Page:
An interesting article from The Star today. Please have a read on this first:
PURCHASING property will probably be the biggest investment decision you’ll ever make.
Given the financial implications that come with it, one would need to consider carefully if buying is the right option – or if it would just be wiser to rent, first.
Can you afford it?
Naturally, the decision on whether you should buy or rent would ultimately depend on your financial position.
“If you’re a fresh graduate, then it would be best to rent first,” says licensed financial adviser and syariah financial advisory for Excellentte Consultancy Jeremy Tan.
“If it’s a young couple, you can rent, but having double the income would mean you’re in a better financial position to buy your own place,” he adds.
However, with housing prices constantly on the rise, one would need to ensure that servicing the monthly housing loan does not end up being a strain on your finances.
According to property consultant CH Williams Talhar & Wong Sdn Bhd (WTW) in its 2014 property market report, the average price of terraced houses rose to RM890,000 last year from RM730,000 in 2012 within the Klang valley.
“For semi-detached houses, average prices have remained stable at RM2.6mil to RM2.7mil per unit,” it says, adding that following the years of inflow of speculative money due to the very accommodative monetary policies, the significant hike in real property gains tax (RPGT) might trigger a temporary correction in capital values.
According to Tan, if one does decide to purchase property, he advises that the loan servicing ratio should not exceed more than one-third of the homeowner’s take-home salary.
“Make sure that you can afford the loan and that there is enough for other expenses incurred during the month.”
For individuals or even couples that are already into their retirement years, already owning a property is an advantage.
“If you’re into your retirement years and your children no longer live with you, it might not be practical to want to stay in that house especially if it’s very big,” says Tan.
“In this case, downgrading to a smaller house could be a better option. A lot of retirees with a few properties tend to rent out their existing homes and rely on the rental as a passive form of income,” he adds.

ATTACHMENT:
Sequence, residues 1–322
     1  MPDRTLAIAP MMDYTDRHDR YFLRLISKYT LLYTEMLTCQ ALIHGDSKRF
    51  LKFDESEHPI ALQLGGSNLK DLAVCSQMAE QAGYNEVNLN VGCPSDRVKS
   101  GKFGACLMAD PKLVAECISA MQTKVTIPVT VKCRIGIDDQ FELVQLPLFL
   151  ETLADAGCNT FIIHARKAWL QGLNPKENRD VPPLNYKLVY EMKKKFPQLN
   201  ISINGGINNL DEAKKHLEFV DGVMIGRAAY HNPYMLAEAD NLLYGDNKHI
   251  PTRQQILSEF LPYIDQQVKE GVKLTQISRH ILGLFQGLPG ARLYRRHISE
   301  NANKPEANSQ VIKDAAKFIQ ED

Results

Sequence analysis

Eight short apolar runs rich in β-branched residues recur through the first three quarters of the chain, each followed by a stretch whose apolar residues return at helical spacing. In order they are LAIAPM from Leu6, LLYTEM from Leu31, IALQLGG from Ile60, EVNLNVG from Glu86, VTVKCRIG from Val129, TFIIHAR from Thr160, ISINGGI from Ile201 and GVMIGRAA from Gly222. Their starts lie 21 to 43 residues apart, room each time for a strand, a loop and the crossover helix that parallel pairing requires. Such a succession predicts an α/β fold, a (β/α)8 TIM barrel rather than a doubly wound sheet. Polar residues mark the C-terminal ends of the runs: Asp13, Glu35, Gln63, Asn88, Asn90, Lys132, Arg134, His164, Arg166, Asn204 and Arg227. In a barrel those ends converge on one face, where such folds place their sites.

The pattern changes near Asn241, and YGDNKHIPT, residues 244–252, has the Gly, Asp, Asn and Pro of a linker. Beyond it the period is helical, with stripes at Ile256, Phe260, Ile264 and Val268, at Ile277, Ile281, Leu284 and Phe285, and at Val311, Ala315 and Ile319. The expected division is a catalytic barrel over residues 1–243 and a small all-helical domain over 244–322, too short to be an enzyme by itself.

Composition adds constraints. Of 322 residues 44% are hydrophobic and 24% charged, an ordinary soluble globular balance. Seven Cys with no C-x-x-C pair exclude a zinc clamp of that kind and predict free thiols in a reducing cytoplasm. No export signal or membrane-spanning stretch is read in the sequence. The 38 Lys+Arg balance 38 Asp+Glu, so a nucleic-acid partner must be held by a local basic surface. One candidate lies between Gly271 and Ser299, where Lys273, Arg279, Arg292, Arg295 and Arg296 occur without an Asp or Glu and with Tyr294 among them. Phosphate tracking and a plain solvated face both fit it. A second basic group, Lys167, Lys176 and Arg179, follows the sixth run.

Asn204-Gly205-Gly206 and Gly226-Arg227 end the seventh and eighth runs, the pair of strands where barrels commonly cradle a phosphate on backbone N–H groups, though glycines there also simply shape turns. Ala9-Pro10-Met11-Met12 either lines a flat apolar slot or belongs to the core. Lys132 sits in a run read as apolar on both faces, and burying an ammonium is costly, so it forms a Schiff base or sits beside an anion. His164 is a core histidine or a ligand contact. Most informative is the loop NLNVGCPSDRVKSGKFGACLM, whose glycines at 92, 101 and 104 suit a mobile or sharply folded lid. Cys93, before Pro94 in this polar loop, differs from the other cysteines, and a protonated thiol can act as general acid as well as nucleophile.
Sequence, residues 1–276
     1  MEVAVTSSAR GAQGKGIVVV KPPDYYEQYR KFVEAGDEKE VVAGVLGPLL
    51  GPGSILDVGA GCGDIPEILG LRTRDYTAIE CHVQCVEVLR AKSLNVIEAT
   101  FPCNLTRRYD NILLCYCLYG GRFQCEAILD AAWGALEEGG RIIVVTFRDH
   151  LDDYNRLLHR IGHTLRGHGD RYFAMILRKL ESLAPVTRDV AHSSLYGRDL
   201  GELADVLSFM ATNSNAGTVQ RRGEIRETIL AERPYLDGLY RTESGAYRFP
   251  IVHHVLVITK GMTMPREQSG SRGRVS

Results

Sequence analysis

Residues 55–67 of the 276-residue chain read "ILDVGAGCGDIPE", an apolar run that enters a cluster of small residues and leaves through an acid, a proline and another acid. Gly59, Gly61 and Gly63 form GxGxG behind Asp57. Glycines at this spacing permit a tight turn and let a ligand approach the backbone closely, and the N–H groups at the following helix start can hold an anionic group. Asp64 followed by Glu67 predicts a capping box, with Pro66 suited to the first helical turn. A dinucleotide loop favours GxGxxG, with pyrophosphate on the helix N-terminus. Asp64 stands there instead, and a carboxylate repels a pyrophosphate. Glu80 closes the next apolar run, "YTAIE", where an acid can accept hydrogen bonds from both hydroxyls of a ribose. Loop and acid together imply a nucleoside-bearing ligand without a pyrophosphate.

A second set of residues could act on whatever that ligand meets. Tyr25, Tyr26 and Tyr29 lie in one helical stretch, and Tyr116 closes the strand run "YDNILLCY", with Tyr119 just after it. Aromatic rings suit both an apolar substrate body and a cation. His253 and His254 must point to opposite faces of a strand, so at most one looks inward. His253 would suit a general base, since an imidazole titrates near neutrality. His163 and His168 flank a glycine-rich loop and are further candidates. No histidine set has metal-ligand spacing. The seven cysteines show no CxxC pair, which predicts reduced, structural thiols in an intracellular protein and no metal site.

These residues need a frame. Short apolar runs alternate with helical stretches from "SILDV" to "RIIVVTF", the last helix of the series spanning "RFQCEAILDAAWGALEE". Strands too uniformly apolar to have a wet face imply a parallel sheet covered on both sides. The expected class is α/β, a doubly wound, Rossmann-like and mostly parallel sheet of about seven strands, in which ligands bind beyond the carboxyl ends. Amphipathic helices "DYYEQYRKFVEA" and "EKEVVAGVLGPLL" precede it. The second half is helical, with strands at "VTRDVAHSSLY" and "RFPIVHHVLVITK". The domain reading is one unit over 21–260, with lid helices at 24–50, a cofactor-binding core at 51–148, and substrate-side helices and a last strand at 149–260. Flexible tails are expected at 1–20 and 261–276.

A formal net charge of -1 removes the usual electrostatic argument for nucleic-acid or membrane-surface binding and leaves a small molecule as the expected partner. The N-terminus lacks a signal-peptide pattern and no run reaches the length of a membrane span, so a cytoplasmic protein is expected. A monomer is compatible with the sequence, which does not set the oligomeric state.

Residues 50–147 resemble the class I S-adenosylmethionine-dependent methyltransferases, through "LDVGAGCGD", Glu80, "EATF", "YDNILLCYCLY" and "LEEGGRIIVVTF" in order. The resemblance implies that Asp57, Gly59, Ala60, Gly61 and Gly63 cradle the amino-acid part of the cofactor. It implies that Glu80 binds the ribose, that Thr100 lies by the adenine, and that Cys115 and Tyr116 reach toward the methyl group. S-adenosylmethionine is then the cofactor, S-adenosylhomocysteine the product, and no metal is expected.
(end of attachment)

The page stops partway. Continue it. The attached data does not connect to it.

And what if you want to sell the property?
“Let’s just assume that the house is worth RM2mil,” says tan.
“If you sell it and decide to live in a rented place for about RM2,500 a month, that means it would cost you RM30,000 a year. Not including inflation, the money from the house that you sold could last you a very long time!”
However, Tan feels that the money derived from the sale of the house should also be invested.
Pros and cons
Malaysia Institute of Estate Agents (MIEA) president Siva Shanker says both situations have their pros and cons.
“Compared with buying, renting is a simpler procedure. You just need to pay the down payment and utility deposits and thereafter, the monthly rent. The property doesn’t have to be for the long term.
“You’re only tied down during the term of the tenancy and can always find an alternative.”
Siva adds that renting a property also means not having to deal with any upkeep cost.
“When you’re renting, there’s no need to worry about assessment and quit rent costs. If there are cracks on the walls or when the air-conditioning is not working, just call the landlord and he or she will have it fixed.”
“On the flip side, renting property also has its shortcomings,” says Siva.
“When you’re not investing in your own property, you’re not hedging against inflation and not benefiting from capital appreciation. Instead, your landlord is.
“Furthermore, if you don’t own the property, you can’t conduct any kind of interior design or renovate the place according to your own personal preference. This is because when you leave, you can’t take it with you,” he says.
The key to answer “Buy” or “Rent” is marked, with extra note from me – how you plan your financials. Some people willing to take the risk of less big, branded or comfortable car in order to get good house to call home, while some rather have good shining rides, but living on apartments or low cost.
I cannot point out which one should you take, but as an adult, take responsibility of the decision you make.
And this does not limited to those with high or medium income.. this includes the low income group.
Truth to be told that I admired, learn and get some idea on financial management from low income person, who managed his financial well for him and his family, bought his own house and live accordingly.
To me, if he can do it, why can’t I?
Important – know your limits and commitment. Taking risk alone without proper way addressing it is just like you are heading down head’s first!